Who do you hate playing against in the WHL.. in a very nice love/hate kind of way?
Super love/hate relationship with Prince Albert. You love to play them and you hate to lose to them. And also Everett. We only played them twice and they beat us pretty badly both times (Once last year, once this year). Their systems are impeccable. It’s funny because we have the same systems. They were just so sound defensively and they capitalized on our mistakes. They did a 1-2-2 trap the whole time. We couldn’t break out of our own end. (chuckle)
Any particular players? You know those players are so good and that competitive edge comes out? You maybe think to yourself, “I wanna win this shift.”
Playing against Prince Albert. They have Wiesblatt (19th NA Ranking, Central Scouting) and Guhle (8th NA rankings) and playing against those guys I feel like I brought so much extra drive. I wanted to out compete them every chance I got and prove that I should be picked higher than them. I love playing against them. I love finishing my checks against them. Every aspect of those games.
Video – Prince Albert @ Saskatoon – Feb 28th
Skating. Awareness. Puck possession. Physicality. Deception.
Those are the aspects we talked about so I decided to use Prince Albert vs Saskatoon as a baseline. I could jump all over to multiple games to show you highlights from Tristen; the true best of the best, but I figure, if you’ve never got to see him play, I’d rather show you a glimpse of what he’s like in one game.
Early in the first period, Tristen spots a teammate down the ice and attempts a long saucer pass that gets picked up. Don’t worry though. He gathers it once again, turns back, and shows his acceleration while attacking the middle of the ice.
As the puck rims around the boards, we can see a quality battle between him and 6’3 defender Kaiden Guhle. He ends up drawing a penalty. You can see that grit which Tristen referenced. He doesn’t like to back down when he is battling for a puck.
On the PP, Tristan works with the defenseman trying to opening up a shooting lane. Tristen has fast hands and believable movements. Watch Tristen fake, draw the defender out, and deliver a pass to open up space for a shot.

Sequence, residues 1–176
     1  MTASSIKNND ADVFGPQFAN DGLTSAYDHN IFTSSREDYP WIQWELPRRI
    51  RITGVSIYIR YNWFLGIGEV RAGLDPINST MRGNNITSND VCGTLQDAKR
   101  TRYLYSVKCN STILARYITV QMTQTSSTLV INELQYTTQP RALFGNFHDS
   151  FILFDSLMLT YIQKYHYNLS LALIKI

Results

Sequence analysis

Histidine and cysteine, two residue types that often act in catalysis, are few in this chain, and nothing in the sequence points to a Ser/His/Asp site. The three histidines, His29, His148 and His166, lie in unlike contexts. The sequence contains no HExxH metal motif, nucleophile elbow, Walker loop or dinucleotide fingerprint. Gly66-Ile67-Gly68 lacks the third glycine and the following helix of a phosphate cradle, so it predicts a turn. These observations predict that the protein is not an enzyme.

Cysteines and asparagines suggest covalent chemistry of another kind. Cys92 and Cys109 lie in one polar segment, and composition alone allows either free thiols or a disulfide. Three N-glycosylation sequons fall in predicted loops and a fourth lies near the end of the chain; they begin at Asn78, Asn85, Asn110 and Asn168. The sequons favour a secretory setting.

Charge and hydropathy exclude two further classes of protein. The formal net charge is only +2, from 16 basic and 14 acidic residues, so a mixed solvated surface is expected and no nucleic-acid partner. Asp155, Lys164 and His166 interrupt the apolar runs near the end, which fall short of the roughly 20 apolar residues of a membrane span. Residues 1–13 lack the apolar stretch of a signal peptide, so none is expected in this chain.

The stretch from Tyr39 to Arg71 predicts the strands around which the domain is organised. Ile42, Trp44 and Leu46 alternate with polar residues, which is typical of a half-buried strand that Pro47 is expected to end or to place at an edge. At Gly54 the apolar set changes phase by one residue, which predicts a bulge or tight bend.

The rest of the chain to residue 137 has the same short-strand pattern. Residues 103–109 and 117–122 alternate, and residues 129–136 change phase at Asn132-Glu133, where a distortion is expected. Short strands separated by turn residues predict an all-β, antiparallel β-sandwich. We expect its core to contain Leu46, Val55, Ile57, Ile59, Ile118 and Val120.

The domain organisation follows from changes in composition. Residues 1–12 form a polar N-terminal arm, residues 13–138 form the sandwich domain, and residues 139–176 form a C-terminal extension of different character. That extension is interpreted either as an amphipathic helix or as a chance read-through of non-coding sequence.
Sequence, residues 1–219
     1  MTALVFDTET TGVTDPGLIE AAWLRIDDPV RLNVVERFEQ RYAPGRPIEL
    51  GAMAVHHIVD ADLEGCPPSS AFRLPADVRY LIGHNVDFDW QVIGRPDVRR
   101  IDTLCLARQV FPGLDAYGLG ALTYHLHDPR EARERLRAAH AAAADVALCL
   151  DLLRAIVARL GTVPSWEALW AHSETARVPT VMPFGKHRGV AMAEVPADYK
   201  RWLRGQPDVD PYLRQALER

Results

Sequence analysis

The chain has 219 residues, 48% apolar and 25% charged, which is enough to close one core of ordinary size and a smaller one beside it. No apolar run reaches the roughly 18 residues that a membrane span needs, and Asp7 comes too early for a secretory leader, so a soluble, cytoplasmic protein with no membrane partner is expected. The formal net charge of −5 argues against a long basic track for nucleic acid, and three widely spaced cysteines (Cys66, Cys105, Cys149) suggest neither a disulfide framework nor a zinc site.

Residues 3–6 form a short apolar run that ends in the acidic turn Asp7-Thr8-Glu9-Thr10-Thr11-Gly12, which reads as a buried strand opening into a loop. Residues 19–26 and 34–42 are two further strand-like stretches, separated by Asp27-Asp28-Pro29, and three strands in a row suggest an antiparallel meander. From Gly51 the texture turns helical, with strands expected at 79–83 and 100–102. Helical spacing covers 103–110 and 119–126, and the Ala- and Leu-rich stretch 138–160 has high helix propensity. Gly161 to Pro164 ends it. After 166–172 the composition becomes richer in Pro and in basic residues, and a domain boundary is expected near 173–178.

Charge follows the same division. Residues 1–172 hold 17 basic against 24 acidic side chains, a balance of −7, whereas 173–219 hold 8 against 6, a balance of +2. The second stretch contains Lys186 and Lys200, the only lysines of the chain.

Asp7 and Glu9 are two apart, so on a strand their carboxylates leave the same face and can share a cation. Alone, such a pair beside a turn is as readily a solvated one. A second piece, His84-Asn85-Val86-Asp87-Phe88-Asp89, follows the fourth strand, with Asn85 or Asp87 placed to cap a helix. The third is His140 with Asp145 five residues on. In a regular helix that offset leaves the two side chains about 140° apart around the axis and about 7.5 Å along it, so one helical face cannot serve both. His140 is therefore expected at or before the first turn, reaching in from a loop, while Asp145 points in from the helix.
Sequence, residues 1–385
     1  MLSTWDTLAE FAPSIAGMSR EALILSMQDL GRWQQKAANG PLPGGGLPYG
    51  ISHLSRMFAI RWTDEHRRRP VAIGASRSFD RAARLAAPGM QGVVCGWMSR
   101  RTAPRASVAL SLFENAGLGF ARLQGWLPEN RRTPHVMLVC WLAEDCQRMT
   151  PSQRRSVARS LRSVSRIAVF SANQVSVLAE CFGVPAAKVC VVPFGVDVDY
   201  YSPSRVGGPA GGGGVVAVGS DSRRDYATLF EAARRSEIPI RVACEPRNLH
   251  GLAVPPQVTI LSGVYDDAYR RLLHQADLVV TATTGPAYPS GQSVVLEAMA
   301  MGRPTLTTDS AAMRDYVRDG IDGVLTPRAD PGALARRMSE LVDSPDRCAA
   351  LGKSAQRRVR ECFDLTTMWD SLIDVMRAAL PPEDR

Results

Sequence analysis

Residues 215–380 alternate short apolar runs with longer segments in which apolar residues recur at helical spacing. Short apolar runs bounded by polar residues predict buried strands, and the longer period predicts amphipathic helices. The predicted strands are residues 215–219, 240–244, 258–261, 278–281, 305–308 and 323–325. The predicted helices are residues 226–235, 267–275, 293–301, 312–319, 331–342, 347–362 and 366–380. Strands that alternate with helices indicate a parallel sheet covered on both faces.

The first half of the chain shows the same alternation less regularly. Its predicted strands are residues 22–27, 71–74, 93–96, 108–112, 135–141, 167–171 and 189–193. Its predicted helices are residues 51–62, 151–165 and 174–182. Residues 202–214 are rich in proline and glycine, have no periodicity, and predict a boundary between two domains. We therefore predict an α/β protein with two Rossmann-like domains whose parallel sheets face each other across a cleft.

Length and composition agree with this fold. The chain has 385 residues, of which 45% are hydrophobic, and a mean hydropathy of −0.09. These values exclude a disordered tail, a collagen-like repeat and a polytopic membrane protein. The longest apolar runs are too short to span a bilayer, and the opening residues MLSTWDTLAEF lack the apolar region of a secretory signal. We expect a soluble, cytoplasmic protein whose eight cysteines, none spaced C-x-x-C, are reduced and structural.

This clip is a mixed bag. Tristen shows off his high level acceleration keeping a puck in along the blueline, but then gives the puck away with a pass. However, it allows him to show off his acceleration again. Terrific recovery that ultimately goes back down the ice and leads to a goal. 1-0 Saskatoon
This might be my personal favorite play. Dump the puck. Chase the puck. Gain position on defender. Create scoring chance. Talk about an individual effort made possible by skating and awareness.
Behind the net, Tristen gets defenders chasing him with his quick edgework. Creates another high-danger scoring chance. In our interview, Tristen talked about how his skating will be the difference maker for him in 4-5 years. Can you see it?
In a 1-1 game getting late into the third period, Tristen decides to take matters into his own hands when the puck is turned over. Quick acceleration, waits for the defender to take away vision from the goalie, pulls and shoots. 2-1 Saskatoon.
Tristen seals the deal with the eventual game winner.
Tristen’s skating ability allows him to be aggressive offensively while also being incredibly responsible in his own zone.
His defensive awareness allows him to pounce on loose pucks and immediately become a weapon by putting pressure on the defense.
His edgework and acceleration allows him to be elusive behind the net with possession.
His deception allows him to draw attention and open passing lanes.
His physicality allows him to battle for possession in tough areas against bigger opponents.
These are all attributes that can be seen as difference makers in one game. He does this consistently every night.
So, what do you think of the Saskatoon forward?
Follow along the journey on twitter at @dathockeydoe
Joel Henderson – Covering WHL and Calgary Flames prospects.